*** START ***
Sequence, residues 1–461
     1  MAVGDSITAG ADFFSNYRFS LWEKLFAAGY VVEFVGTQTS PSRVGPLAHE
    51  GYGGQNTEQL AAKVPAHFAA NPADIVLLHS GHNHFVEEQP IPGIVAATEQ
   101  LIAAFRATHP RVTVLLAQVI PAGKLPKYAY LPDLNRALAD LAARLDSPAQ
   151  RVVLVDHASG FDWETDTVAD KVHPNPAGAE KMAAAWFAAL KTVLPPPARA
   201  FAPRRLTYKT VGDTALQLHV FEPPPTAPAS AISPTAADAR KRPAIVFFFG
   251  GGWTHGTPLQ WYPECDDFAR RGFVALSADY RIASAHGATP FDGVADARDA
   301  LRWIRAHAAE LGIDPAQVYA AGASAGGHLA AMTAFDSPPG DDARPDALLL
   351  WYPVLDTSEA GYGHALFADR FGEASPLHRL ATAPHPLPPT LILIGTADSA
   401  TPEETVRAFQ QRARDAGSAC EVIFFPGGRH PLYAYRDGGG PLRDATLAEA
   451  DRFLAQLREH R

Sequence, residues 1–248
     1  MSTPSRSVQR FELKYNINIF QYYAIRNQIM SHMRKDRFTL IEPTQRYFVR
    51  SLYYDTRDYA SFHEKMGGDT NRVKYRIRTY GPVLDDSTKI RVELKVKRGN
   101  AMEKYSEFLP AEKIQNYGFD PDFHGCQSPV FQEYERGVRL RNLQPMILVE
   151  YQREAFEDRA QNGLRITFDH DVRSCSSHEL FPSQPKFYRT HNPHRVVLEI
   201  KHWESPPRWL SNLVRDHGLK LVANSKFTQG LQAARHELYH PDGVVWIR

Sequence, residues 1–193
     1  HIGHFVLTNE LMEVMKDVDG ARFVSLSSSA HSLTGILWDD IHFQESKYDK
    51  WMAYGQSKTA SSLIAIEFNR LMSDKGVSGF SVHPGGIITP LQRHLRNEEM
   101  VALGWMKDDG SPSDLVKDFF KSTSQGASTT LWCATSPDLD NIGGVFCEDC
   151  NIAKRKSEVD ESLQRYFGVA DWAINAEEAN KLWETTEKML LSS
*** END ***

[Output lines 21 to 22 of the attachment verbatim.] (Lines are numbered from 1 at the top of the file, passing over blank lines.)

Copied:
   101  VALGWMKDDG SPSDLVKDFF KSTSQGASTT LWCATSPDLD NIGGVFCEDC
   151  NIAKRKSEVD ESLQRYFGVA DWAINAEEAN KLWETTEKML LSS